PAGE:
Share This Page

All-classical music station WQED reduces its staff

| Thursday, Feb. 20, 2014, 11:54 p.m.

Pittsburgh's only all-classical music station WQED-FM announced two staff cuts and reduced air time for local radio hosts as its parent company, WQED Multimedia, tries to rebound from years of inconsistent funding.

President and CEO Deborah Acklin said on Thursday that station staffers are recommitting themselves to a 24/7 schedule helmed by local hosts.

One staff member took a buyout; the other was laid off, Acklin said.

The station did not identify the staff members or specify whether they were on-air talent.

Both left after months of discussions and the completion of a 1,600-person survey sent to paying members and nonmembers who Acklin said “made it very clear they want us to preserve the all-classical format.”

“Costs are increasing as they always do. Revenue is flat,” she said. “We decided to keep the station, keep the format and buck the odds. We're providing a service no one else in town provides.”

WQED laid off nine staff members in 2009, about a year before Acklin succeeded former President and CEO George L. Miles Jr., who served for 16 years.

The years leading up to Miles' retirement were some of the worst for nonprofits nationwide, said Peggy Outon, founding executive director of the Bayer Center for Nonprofit Management at Robert Morris University.

In recession-torn 2008, “the bottom fell out,” Outon said.

Acklin said the nonprofit lost about $2 million from the state that year.

Both she and Miles took salary cuts worth a combined $200,000 in compensation and benefits, according to tax documents that nonprofits must file annually with the IRS.

Miles left in 2009. He made $271,040 in base pay and benefits, records show. Two years later, Acklin's base pay and benefits were $250,886, records show.

Outon said Acklin's six-figure salary is worth it.

“One of the things that cripples nonprofits is sacrificing too much on the side of the staff,” she said. “I do not believe in excessive compensation, but you have to pay for talent if you want to remain competitive.

“The key,” she said, “is making sure they earn it.”

Acklin compared the company's four content areas — television, radio, education and interactive — to a net. When one area lags financially, the others can supplement.

“Every (fundraising) year is completely different,” she said. “Orchestras in various communities are struggling. Certainly classical stations are going off the air in droves ... but guaranteeing a future for us is absolutely first and foremost in my mind.”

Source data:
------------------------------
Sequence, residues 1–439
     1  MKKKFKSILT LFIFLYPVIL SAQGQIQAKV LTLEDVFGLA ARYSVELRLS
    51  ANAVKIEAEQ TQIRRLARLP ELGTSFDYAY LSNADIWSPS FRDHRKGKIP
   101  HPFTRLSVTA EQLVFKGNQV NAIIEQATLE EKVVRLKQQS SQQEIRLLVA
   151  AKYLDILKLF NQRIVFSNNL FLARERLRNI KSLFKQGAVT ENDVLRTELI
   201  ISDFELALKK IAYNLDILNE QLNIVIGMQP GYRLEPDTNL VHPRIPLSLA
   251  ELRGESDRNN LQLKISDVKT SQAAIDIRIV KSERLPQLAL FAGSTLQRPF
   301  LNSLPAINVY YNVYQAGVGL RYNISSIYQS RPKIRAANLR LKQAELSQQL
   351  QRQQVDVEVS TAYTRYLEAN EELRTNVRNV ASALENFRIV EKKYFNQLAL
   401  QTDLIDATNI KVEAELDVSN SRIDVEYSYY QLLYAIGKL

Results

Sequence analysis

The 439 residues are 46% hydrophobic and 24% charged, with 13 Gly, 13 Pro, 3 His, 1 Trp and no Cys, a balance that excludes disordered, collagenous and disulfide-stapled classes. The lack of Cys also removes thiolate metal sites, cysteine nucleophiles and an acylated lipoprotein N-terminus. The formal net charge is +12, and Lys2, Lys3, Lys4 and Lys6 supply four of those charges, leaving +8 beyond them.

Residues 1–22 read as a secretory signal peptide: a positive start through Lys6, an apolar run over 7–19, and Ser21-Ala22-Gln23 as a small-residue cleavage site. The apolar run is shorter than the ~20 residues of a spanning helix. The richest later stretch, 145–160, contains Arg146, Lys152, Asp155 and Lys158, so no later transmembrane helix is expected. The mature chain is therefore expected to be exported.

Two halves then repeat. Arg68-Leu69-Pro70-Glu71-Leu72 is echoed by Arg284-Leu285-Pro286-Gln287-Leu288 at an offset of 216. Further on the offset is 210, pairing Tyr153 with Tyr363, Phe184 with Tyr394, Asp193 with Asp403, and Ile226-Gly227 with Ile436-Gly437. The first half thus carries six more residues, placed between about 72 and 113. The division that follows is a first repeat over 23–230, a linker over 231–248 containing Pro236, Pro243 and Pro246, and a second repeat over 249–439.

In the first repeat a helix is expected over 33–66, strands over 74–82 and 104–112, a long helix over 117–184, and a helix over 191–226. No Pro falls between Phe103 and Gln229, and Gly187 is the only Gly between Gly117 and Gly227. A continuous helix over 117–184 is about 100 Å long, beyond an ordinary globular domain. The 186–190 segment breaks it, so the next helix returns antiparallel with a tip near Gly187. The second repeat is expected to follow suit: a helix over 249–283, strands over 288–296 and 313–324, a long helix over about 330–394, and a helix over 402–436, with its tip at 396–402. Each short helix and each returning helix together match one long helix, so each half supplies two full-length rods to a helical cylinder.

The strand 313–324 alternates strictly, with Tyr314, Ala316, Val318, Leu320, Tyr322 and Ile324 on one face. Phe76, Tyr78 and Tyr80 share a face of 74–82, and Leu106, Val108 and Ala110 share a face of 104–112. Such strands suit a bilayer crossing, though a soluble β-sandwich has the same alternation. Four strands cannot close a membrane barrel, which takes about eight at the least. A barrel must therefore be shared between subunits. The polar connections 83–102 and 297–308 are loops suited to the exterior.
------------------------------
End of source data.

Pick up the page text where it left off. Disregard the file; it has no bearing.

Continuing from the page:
Megan Harris is a staff writer for Trib Total Media. Reach her at 412-388-5815 or mharris@tribweb.com.

TribLIVE commenting policy

You are solely responsible for your comments and by using TribLive.com you agree to our Terms of Service.

We moderate comments. Our goal is to provide substantive commentary for a general readership. By screening submissions, we provide a space where readers can share intelligent and informed commentary that enhances the quality of our news and information.

While most comments will be posted if they are on-topic and not abusive, moderating decisions are subjective. We will make them as carefully and consistently as we can. Because of the volume of reader comments, we cannot review individual moderation decisions with readers.

We value thoughtful comments representing a range of views that make their point quickly and politely. We make an effort to protect discussions from repeated comments either by the same reader or different readers

We follow the same standards for taste as the daily newspaper. A few things we won't tolerate: personal attacks, obscenity, vulgarity, profanity (including expletives and letters followed by dashes), commercial promotion, impersonations, incoherence, proselytizing and SHOUTING. Don't include URLs to Web sites.

We do not edit comments. They are either approved or deleted. We reserve the right to edit a comment that is quoted or excerpted in an article. In this case, we may fix spelling and punctuation.

We welcome strong opinions and criticism of our work, but we don't want comments to become bogged down with discussions of our policies and we will moderate accordingly.

We appreciate it when readers and people quoted in articles or blog posts point out errors of fact or emphasis and will investigate all assertions. But these suggestions should be sent via e-mail. To avoid distracting other readers, we won't publish comments that suggest a correction. Instead, corrections will be made in a blog post or in an article.